Hiawatha's Photographing Event
(By Lewis Carroll)
From his shoulder Hiawatha
Took the camera of rosewood,
Made of sliding, folding rosewood;
Neatly put it all together.
In its case it lay compactly,
Folded into nearly nothing;
But he opened out the hinges,
Pushed and pulled the joints and hinges,
Till it looked all squares and oblongs,
Like a complicated figure
In the Second Book of Euclid.
This he perched upon a tripod -
Crouched beneath its dusky cover -
Stretched his hand, enforcing silence -
Said, "Be motionless, I beg you!"
Mystic, awful was the process.
The poem refers to Wet Plate Collodion - a 19th century photography process of pouring Collodion onto a plate of thin iron or glass, then exposing it in a large format camera and developing the plate while it is still wet.
This process was the primary photographic method from the early 1850s till 1880s and was extensively used during the Civil War (all of the photographs made during the Civil War were made by the wet collodion process, the only process of the time)
The Collodion technique creates One-of–a–Kind photographs with a very unique aesthetic, which can’t be reached by any other photographic process. (...and results are sometimes unpredictable, like in the poem)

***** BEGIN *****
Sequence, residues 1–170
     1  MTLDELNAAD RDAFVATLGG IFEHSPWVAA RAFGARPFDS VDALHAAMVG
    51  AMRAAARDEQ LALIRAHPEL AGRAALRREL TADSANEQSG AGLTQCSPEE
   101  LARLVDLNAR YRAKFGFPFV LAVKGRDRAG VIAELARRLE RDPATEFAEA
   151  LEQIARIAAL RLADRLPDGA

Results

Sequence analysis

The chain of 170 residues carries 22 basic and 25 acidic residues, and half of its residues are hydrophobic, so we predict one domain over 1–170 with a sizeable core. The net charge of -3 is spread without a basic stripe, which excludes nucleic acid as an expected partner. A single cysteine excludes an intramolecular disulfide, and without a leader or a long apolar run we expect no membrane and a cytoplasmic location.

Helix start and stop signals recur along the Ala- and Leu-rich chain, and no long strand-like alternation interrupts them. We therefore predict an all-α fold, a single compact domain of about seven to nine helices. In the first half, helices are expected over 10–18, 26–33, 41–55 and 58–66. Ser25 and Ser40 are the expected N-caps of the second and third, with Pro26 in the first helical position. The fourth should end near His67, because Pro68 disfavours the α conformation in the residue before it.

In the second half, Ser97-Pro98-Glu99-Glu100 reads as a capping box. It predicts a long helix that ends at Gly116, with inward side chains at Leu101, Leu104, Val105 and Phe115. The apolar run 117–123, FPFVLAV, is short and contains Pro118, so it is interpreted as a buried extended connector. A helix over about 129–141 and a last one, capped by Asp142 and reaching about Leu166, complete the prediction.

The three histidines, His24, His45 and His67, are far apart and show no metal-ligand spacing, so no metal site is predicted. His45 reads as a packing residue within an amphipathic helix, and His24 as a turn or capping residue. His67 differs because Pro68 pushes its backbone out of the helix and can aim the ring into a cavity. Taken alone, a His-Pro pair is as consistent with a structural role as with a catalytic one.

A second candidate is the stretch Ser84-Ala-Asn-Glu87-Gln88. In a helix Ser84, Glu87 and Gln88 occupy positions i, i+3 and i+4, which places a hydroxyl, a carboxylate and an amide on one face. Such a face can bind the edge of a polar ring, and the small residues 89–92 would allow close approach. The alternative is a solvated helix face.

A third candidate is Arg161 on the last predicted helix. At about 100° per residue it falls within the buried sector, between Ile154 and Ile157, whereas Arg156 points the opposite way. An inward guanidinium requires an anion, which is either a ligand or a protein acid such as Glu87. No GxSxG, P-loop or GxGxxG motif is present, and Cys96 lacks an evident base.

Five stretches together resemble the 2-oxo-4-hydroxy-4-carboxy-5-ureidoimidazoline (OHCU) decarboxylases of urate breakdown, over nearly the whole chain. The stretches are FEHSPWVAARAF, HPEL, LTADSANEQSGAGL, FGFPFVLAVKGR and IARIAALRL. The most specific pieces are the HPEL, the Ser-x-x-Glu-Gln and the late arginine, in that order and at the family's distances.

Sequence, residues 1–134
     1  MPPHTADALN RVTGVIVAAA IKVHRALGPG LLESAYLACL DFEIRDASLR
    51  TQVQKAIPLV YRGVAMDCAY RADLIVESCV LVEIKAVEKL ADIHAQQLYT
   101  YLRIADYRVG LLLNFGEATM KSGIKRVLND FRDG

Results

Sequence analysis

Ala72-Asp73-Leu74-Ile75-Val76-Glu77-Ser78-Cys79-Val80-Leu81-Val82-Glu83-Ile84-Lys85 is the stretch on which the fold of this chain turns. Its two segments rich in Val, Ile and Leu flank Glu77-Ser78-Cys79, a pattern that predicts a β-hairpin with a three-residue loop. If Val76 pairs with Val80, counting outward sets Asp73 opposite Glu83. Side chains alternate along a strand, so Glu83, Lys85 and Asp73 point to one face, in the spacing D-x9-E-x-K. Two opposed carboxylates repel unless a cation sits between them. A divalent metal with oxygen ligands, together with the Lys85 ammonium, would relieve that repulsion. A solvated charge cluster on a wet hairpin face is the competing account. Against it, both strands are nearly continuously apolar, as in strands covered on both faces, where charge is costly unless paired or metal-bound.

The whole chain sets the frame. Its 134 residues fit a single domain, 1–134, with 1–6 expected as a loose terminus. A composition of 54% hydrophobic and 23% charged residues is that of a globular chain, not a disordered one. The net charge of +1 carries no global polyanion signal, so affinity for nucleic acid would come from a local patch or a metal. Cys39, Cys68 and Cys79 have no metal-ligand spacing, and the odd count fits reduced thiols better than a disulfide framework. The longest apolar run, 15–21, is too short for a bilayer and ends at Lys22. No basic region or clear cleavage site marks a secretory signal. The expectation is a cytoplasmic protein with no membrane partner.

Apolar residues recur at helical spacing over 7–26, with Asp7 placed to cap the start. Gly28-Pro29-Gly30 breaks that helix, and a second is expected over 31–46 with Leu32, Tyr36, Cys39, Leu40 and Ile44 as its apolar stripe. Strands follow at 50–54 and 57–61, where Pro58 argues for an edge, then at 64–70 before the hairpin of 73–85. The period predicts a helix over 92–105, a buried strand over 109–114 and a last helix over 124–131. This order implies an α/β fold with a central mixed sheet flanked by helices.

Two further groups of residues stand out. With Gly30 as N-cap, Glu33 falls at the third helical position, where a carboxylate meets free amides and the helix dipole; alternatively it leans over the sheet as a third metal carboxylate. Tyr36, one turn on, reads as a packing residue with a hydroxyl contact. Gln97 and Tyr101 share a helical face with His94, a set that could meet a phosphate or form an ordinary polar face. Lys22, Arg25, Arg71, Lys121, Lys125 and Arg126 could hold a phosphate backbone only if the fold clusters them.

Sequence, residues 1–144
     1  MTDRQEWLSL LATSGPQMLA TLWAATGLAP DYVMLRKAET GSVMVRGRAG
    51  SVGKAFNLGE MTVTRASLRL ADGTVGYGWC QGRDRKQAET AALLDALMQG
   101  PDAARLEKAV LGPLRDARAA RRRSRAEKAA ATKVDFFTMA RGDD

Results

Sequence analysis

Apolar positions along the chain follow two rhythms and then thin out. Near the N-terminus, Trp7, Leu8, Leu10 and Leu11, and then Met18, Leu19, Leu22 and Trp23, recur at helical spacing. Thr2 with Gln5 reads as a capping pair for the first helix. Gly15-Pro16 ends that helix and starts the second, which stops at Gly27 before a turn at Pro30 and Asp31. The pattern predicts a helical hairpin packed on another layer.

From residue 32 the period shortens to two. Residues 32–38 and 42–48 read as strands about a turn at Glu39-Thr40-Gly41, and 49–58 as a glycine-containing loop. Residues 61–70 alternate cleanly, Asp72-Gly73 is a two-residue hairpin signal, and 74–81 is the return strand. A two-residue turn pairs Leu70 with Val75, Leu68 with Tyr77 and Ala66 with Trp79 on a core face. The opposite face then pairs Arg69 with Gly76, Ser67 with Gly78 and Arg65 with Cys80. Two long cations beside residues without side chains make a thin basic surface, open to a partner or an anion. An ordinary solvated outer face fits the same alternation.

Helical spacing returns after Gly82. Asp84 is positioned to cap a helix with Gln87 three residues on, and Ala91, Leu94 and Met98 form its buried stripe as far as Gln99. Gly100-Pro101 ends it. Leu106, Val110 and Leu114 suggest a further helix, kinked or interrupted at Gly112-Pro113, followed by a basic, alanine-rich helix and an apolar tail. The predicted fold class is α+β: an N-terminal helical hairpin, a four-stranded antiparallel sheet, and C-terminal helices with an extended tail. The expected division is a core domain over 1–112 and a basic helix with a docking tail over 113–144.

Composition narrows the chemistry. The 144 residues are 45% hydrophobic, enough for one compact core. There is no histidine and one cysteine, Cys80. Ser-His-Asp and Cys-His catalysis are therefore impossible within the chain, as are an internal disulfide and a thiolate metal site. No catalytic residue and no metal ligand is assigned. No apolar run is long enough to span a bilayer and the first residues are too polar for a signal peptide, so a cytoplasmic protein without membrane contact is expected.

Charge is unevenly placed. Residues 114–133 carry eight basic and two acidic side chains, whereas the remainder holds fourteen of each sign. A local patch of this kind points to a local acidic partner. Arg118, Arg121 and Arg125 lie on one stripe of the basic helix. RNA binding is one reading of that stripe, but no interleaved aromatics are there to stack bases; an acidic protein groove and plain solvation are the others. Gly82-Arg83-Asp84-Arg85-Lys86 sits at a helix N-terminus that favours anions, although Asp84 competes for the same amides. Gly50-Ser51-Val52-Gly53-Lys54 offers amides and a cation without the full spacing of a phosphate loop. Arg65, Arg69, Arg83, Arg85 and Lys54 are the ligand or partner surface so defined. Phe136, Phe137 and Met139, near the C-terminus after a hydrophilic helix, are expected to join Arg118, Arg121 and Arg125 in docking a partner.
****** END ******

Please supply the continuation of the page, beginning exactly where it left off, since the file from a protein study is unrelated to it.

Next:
If you want to find out what the process was really like, please join us for HIAWATHAN’S PHOTOGRAPHY event which will take place on 30th & 31st July, during Americana and Roots Weekend in Greystones.
Photographers Kasia Kesicka and Monika Fabijanczyk will present this beautiful technique and will take you back in time with the original 19th century alchemist’s recipes, equipment and portrait’s taking procedures.
There will be an unrepeatable occasion of having a portrait taken.
Everybody is welcome!
30th July 2 pm - 7 pm
31st July 2 pm - 7 pm
further info @